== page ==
Session 109: Tuesday, March 12 AM
Synod read the judgments of the deputies from Utrecht, Friesland, Overijssel, and Groningen.

Session 110: Tuesday, March 12 PM
Synod read the last of the judgments regarding the first article of the Remonstrants–those of the deputies from Drenthe and from the Walloon churches.

Synod then turned to the judgments of the various delegations regarding the second article of the Remonstrants, which pertained to the extent and effectiveness of Christ’s work. Synod read the judgments of the delegations from Great Britain, the Palatinate, Hesse, and Switzerland. The last three delegations stated that when Scripture says Christ died for all, it means He died for the elect, not for every individual. For the elect, they added, His death effectively saved.

The delegates from Great Britain did not touch on this point. These delegates had realized earlier (session 74) that they were not agreed among themselves on the interpretation of their own creed, the Thirty-Nine Articles. This realization led them to ask advice from the Archbishop of Canterbury. He responded that the British delegates should not speak more specifically than did the Thirty-Nine Articles.

Session 111: Wednesday, March 13 AM
Synod read the judgments of the delegations from Wetteravia, Geneva, Emden, and Bremen regarding the second article. The first three of these delegations agreed that Christ died only for the elect. The delegates from Bremen disagreed among themselves. Heinrich Isselburg was of the mind that Christ died for the elect throughout the world, and effectually saved them. Matthew Martinius held the opposite view, that Christ died for all and every human. The third took a middle ground, but in the end opposed Martinius.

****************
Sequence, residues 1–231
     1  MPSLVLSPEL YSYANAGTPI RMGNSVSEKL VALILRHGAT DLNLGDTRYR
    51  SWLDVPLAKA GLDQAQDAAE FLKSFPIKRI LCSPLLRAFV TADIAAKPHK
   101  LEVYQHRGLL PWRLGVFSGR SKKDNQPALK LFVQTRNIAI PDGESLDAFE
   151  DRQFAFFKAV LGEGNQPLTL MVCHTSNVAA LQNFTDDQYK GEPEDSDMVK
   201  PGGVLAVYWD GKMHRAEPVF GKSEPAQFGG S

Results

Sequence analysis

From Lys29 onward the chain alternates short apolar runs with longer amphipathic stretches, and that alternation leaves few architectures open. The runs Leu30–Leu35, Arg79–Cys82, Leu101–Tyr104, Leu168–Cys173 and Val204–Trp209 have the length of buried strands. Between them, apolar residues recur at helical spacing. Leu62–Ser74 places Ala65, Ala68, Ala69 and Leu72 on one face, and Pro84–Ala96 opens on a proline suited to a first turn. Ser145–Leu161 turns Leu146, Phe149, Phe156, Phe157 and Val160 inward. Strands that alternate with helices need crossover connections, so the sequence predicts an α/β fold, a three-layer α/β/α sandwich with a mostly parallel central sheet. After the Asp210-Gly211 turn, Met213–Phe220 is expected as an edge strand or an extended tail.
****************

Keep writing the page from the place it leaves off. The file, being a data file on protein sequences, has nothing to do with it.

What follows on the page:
Session 112: Wednesday, March 13 PM
Professor Isselburg addressed Synod regarding Christ’s atoning work. He opposed the error of Socinianism, which Synod understood Conrad Vorstius to be defending (see sessions 100, 152). Isselburg emphasized the necessity of satisfaction, and that Christ fully satisfied for the sins of God’s elect. Brandt relates a quotable: according to Isselburg, “in Christ were one person, two natures, three offices, and four capital benefits, he [Christ] being to us wisdom, righteousness, sanctification, and perfect redemption,” and all this can be considered “the four wheels, upon which the chariot of salvation moved” (Brandt, 3:256).

Session 113: Thursday, March 14 AM
Synod read the judgment of the five Dutch professors. These all agreed that Christ died only for all the elect, and that for them His death was both sufficient and effective. Synod then read the judgments of the delegates from the Provincial Synods of Gelderland, South Holland, and North Holland.

Session 114: Thursday, March 14 PM
Synod read the judgments of the delegates from Zeeland, Utrecht, Friesland, Overijsel, and Gronigen, regarding the second article. On the matter of the extent of Christ’s atonement, these all agreed with the majority consensus that would be later expressed in the Canons, Head II, Article 8.

Session 115: Friday, March 15 AM
Synod concluded reading the judgments of the delegations regarding the second article; the last two judgments that it read were those of the delegates of Drenthe and the Walloon churches.

In their third article, the Remonstrants taught that fallen man could do nothing good in himself, and needed to be regenerated. In their fourth article, they taught that humans can resist God’s grace. Synod, recognizing that the real error of the Remonstrants regarding fallen man manifested itself in the fourth article, decided to treat the two articles together. At this session, Synod heard the judgments of the delegations from Great Britain and the Palatinate regarding these two articles.

Session 116: Friday, March 15 PM
Synod read the judgments of the delegates from Hesse, Switzerland, Wetteravia Geneva, and Bremen, and began reading the judgment of the delegates from Emden.

Session 117: Saturday, March 16 AM